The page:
Politics & Policy

Linda on Our Side

Wait a minute — I want to be sure I get this right. Ramesh Ponnuru, who has never as far as I know written approvingly of comprehensive immigration reform, wants to tell conservatives who support it whom we should and shouldn’t include in our ranks ?

This might be funny if Ramesh’s post weren’t so insulting to one of the staunchest and most effective reform champions, Linda Chavez. I won’t make Linda’s case about bigotry and the immigration debate for her; she makes it ably enough herself. But I have no regrets: I’m glad to have her on our side.

As for Ramesh’s claims about the Senate bill, I suggest he read it more closely. What illegal immigrants who come forward and register and pay $3,000 in fines and fees get is probationary status — a temporary, interim, revocable condition with fewer rights (for example, the right to travel freely) than legalization.

But on the bigger question, Ramesh’s squibb is more revealing than he intends. Are reform opponents open to what he calls “persuasion”? Is there a conversation of good faith to be had on the Right? I certainly hope so, and I venture regularly onto these pages to try to do just that.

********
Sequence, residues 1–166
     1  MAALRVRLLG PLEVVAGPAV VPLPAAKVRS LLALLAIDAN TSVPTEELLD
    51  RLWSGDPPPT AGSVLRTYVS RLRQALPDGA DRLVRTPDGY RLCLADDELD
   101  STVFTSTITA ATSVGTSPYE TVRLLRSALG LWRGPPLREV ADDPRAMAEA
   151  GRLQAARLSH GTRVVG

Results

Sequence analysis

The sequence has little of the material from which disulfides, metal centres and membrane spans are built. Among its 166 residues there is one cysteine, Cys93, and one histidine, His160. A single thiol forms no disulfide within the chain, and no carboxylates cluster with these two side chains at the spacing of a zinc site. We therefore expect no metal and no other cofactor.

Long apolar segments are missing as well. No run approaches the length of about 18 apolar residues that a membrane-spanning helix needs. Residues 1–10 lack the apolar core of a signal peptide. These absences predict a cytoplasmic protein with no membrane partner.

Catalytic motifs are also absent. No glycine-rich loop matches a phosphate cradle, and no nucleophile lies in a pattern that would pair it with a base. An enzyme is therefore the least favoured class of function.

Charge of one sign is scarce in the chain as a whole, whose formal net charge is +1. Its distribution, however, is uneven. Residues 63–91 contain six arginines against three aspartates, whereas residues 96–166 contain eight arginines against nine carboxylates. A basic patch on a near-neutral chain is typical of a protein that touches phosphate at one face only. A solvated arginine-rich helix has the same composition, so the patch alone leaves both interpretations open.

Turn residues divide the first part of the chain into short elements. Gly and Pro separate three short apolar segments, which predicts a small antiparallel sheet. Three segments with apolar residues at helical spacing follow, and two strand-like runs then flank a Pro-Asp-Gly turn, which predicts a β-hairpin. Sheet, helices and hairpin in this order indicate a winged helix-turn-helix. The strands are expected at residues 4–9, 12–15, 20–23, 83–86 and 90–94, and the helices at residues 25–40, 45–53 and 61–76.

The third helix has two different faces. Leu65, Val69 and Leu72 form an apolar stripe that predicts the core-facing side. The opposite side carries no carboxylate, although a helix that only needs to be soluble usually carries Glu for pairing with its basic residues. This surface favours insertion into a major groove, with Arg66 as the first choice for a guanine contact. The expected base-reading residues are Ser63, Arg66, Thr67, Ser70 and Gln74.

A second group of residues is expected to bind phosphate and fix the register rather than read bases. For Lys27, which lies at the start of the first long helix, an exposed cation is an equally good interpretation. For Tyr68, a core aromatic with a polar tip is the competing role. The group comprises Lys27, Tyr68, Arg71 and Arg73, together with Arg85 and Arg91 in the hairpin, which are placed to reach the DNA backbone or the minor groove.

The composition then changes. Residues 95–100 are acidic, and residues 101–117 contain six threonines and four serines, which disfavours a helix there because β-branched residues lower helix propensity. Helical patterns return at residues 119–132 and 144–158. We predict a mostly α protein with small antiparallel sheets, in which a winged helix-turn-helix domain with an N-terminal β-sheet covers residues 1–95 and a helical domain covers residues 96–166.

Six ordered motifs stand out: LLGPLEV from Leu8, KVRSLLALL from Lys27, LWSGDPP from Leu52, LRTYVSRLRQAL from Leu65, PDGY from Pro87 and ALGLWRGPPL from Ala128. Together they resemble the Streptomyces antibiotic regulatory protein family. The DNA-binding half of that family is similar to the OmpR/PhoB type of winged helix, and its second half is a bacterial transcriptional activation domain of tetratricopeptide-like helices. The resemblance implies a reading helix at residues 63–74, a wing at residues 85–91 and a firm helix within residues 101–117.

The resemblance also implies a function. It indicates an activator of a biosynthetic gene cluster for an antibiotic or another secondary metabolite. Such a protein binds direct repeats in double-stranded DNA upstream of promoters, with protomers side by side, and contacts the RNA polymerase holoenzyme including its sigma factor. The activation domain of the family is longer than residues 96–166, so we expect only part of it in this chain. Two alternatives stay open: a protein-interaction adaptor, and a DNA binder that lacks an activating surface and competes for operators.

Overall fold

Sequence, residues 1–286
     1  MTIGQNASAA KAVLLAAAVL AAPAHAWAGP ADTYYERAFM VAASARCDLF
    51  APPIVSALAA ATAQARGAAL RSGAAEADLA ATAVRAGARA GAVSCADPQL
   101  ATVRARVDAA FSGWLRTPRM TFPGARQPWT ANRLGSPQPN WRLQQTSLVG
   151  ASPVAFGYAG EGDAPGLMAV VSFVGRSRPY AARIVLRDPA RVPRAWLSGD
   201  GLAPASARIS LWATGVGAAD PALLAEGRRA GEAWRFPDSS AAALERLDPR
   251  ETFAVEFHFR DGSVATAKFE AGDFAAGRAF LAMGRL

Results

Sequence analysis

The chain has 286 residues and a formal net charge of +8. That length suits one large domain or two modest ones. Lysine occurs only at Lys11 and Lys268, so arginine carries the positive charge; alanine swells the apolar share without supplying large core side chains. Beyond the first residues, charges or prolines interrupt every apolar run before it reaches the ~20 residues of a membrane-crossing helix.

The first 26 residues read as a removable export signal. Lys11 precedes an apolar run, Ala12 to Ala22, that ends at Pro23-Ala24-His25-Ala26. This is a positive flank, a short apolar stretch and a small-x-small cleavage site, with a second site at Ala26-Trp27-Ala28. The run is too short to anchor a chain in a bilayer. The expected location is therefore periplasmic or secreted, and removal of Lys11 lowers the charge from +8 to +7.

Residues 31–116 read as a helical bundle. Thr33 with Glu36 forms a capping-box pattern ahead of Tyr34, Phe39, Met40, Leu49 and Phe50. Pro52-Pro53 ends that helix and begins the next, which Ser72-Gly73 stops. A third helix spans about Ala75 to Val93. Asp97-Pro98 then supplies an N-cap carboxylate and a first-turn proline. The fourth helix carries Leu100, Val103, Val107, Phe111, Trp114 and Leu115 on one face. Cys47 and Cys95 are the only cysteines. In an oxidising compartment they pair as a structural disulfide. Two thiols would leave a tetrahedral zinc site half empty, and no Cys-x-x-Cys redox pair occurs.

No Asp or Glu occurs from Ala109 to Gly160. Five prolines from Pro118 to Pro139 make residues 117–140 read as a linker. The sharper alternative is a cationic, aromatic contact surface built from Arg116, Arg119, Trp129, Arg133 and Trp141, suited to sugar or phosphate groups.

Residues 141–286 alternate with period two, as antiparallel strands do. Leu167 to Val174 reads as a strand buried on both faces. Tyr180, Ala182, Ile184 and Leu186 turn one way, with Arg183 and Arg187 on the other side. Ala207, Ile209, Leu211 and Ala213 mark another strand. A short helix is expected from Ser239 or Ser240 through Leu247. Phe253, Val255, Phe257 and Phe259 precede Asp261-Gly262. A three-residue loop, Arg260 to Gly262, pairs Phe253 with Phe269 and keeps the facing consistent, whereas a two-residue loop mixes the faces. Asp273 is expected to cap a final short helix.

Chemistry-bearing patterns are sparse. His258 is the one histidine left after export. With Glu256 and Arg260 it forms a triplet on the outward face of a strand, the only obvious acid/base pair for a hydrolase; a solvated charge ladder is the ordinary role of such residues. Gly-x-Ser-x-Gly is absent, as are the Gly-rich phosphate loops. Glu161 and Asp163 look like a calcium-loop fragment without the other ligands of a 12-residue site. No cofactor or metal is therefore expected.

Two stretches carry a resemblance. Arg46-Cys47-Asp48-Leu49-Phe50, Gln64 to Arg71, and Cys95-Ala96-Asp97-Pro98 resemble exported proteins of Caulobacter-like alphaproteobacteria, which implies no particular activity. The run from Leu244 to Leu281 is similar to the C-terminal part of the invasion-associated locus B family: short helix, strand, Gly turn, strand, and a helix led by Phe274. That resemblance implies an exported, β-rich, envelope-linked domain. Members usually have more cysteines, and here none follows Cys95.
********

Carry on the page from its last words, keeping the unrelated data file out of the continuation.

But I believe opponents who see only the legalization piece of this package, ignoring all the other provisions designed by and for conservatives — enhanced border enforcement, enhanced workplace enforcement, the end of chain migration, the merit-based selection system and, yes, the enforcement triggers — are not particularly interested in an honest conversation about the bill. Or about fixing the system, for that matter.

And to me, that’s deeply troubling — because of all people, conservatives like Ramesh should get it. We need to end the broken status quo, not cling to it in the name of ideological shibboleths.

Tamar Jacoby

Senior Fellow

Manhattan Institute

New York, N.Y.

Members of the National Review editorial and operational teams are included under the umbrella “NR Staff.”


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